Whisky is what happens when you put new make spirit into an oak cask, store it away in a warehouse, and wait. If it’s scotch, that means taking new make malt spirit and putting into an oak barrel for at least three years (often longer). But what is new make whisky? Let's take a closer look.
What is new make whisky?
New make whisky is the clear, colourless spirit that comes off the still after distillation. It’s usually 68% alcohol and has aromatic characteristics. A lot of whisky’s flavour, and all its colour, comes from the wood. But the new make flavour itself has an impact on the whisky. Peat, for example, is a flavour the whisky gets from the new make spirit. Sure, a whisky might go into a cask that used to have a peaty whisky and pick up some peat notes. But the primary way peat flavour gets into whisky is through the new make.
Changing Whisky Perceptions
For a long time, the only people who drank new make whisky were people who worked at the distilleries. Maybe the odd bottle ended up in someone’s kitchen. But that was for cleaning purposes only. Of course.
People thought the spirit was only worth drinking after it had been in a barrel for a few years. The new make, straight off the still, was too harsh to be pleasant. At least, that’s what some believed. Now there is growing interest and appreciation for new make whisky. A lot of this attention comes from geeks, who tried it for the first time on distillery tours.
Drinking New Make Spirit
Drinking new make is a brilliant way to taste the DNA of a distillery. Maturation changes a whisky’s flavour. So, you can sometimes appreciate a distillery’s character by trying their new make. New make spirit also gives a hint about what a younger whisky might grow into later.
A lot of new distilleries sell their new make whisky. There is a practical reason, of course. New make gives them a spirit to sell. Otherwise, distilleries need to wait years before they can start selling whisky. With so many new distilleries opening every year, this explains why there is a lot of interest in new make whisky.
Is new make whisky worth buying?
There are a few reasons to consider buying new make whisky.
- Buying new make spirit supports new distilleries. Starting a new distillery is a massive financial investment. Buying new make from a brand-new distillery is a great way to support a new business. It also gives you an idea about how their whisky might taste in the future.
- It can expand your whisky education. Buying new make from a distillery you know can give you insights into their flavour profile. This is particularly true for distilleries that have a lot of different cask finishes. You can do a side-by-side comparison between the new make and some of the other expressions.
- Artisan new make whisky can be tasty. Okay, maybe this should have been the first reason. New make can be delicious. But you don’t have to take my word for it, go and try some for yourself.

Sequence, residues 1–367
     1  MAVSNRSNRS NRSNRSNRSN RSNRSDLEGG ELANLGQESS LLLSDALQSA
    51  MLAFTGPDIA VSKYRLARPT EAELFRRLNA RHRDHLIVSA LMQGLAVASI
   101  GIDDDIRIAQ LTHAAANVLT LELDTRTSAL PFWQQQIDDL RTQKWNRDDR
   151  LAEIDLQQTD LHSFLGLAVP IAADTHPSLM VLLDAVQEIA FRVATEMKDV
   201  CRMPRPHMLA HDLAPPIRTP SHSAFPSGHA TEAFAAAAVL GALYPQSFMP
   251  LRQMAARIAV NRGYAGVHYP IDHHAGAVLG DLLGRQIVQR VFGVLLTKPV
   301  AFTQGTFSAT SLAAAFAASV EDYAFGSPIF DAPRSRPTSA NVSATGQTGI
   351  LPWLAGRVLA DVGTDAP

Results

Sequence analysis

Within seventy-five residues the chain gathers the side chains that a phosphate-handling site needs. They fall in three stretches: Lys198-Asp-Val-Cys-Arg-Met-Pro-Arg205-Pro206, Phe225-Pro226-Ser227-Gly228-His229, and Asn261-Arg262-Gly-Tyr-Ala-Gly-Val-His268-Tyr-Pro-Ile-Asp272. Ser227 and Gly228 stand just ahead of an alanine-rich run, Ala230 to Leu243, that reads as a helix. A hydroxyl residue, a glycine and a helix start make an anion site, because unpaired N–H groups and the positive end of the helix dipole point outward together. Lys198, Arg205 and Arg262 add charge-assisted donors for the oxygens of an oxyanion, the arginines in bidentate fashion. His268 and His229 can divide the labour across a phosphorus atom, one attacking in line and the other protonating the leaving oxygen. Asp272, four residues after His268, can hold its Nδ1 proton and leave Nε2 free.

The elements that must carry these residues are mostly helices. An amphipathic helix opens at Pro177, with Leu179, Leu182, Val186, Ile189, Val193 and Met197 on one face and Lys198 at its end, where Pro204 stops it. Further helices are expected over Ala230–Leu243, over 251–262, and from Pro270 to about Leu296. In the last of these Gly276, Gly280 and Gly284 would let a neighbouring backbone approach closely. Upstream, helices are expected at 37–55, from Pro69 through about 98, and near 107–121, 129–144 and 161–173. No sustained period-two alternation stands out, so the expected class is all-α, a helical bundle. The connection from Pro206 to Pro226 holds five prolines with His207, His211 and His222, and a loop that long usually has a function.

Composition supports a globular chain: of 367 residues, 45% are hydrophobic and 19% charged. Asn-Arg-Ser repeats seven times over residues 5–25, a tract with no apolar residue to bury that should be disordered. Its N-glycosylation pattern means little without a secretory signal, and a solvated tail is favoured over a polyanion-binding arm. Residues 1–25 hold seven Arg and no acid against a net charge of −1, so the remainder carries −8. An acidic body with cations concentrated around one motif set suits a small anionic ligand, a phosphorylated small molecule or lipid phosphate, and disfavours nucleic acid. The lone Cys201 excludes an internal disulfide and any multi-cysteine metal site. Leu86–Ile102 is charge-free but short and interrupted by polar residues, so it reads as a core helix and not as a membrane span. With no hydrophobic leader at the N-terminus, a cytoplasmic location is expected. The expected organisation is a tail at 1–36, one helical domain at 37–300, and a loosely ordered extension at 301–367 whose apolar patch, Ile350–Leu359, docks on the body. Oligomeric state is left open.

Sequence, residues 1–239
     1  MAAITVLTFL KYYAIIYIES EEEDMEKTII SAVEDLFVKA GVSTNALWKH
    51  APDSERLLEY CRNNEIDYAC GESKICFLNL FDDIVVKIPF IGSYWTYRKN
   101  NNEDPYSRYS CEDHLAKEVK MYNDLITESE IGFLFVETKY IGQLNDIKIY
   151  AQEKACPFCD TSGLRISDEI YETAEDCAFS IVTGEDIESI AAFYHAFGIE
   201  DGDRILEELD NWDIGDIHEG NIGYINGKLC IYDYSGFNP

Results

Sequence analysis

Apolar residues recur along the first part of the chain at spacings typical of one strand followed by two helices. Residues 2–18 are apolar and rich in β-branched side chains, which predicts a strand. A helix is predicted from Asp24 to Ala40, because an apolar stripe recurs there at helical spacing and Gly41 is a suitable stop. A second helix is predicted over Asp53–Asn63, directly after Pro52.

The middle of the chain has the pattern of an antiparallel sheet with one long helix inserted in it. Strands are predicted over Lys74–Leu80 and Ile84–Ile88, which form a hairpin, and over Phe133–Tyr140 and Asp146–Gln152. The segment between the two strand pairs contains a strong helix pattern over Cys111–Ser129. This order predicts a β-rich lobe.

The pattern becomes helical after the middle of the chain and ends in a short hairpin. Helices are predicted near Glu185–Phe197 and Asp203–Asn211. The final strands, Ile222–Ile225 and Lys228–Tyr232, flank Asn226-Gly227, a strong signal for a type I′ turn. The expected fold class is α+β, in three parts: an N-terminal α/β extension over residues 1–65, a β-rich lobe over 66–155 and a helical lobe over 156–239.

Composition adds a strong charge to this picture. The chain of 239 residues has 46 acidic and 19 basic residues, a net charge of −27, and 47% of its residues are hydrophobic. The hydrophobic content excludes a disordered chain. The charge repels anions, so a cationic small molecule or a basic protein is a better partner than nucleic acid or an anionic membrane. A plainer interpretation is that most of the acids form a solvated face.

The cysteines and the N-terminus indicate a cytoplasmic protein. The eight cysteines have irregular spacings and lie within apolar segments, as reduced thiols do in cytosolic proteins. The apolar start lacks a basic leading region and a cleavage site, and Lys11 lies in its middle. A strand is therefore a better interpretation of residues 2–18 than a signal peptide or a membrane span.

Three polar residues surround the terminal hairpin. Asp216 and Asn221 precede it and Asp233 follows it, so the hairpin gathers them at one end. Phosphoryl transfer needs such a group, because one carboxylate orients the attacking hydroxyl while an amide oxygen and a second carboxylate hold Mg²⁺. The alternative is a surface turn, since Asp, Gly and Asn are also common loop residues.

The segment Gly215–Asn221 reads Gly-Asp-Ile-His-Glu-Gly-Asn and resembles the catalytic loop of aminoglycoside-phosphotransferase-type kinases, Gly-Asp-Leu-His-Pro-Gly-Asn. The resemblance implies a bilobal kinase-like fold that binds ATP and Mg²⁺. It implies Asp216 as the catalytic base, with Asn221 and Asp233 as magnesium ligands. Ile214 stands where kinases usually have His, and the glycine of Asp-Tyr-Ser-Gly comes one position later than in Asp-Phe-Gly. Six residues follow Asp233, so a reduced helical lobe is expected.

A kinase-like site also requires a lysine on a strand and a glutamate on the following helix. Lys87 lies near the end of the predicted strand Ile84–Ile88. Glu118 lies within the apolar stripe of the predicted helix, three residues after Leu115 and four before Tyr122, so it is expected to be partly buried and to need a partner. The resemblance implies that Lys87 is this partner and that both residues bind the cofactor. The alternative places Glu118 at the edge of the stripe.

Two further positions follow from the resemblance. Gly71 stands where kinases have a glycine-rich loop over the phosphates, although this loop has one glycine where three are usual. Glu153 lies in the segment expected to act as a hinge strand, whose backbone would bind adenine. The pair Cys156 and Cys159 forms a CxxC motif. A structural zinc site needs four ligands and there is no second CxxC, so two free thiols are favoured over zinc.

Where to buy new make whiskey
The best place to buy new make whiskey is direct from new artisan distilleries. The quality of new make spirit is likely to be higher. And, this is a great way to support new distilleries as they try to generate income before their aged whisky is mature. Look out for new distilleries, even better if their local to you, and ask whether they're selling their new make whiskey.
Can I make whisky at home, here in the UK?
Not legally, no. To legally distil alcohol and create new make spirit in the UK you need a licence from the UK government. But, there is still a way to experiment with new make spirit at home, without getting into trouble. Rather than distil new make, you can experiment with small batch ageing of new make whisky.
If you buy a couple of bottles of new make spirit, sometimes called 'white dog', and a small oak barrel you can age your own whisky. The oak barrel will likely come with instructions. The key is to make sure it's watertight, which is usually done by filling the cask with warm water and letting the oak staves absorb some of the water. As the staves absorb water, they will expand a little, and any small gaps between the staves will close and become watertight.
You can then fill your oak barrel with new make spirit, and let it age. As your home-ageing barrel will likely be very small, the whisky will age quickly - potentially in just a couple of months. Keep track of how your new make spirit ages into whisky by sampling your cask regularly. A perk of your home experiment!
People who worked in distilleries used to be the only people who drank new make. Now, it’s pretty easy to get your hands on it. I think that’s a great thing. When I go to a whisky tasting, and they have a new make spirit, it is always the highlight for me.
For more information about whether new make whiskey might be a new category in the spirits world, read Joe Rogers’ article about new make whisky.
While TopWhiskies doesn't sell new make our selves, we do have a great range of aged whiskies from independent brands. You can find our new whisky releases here.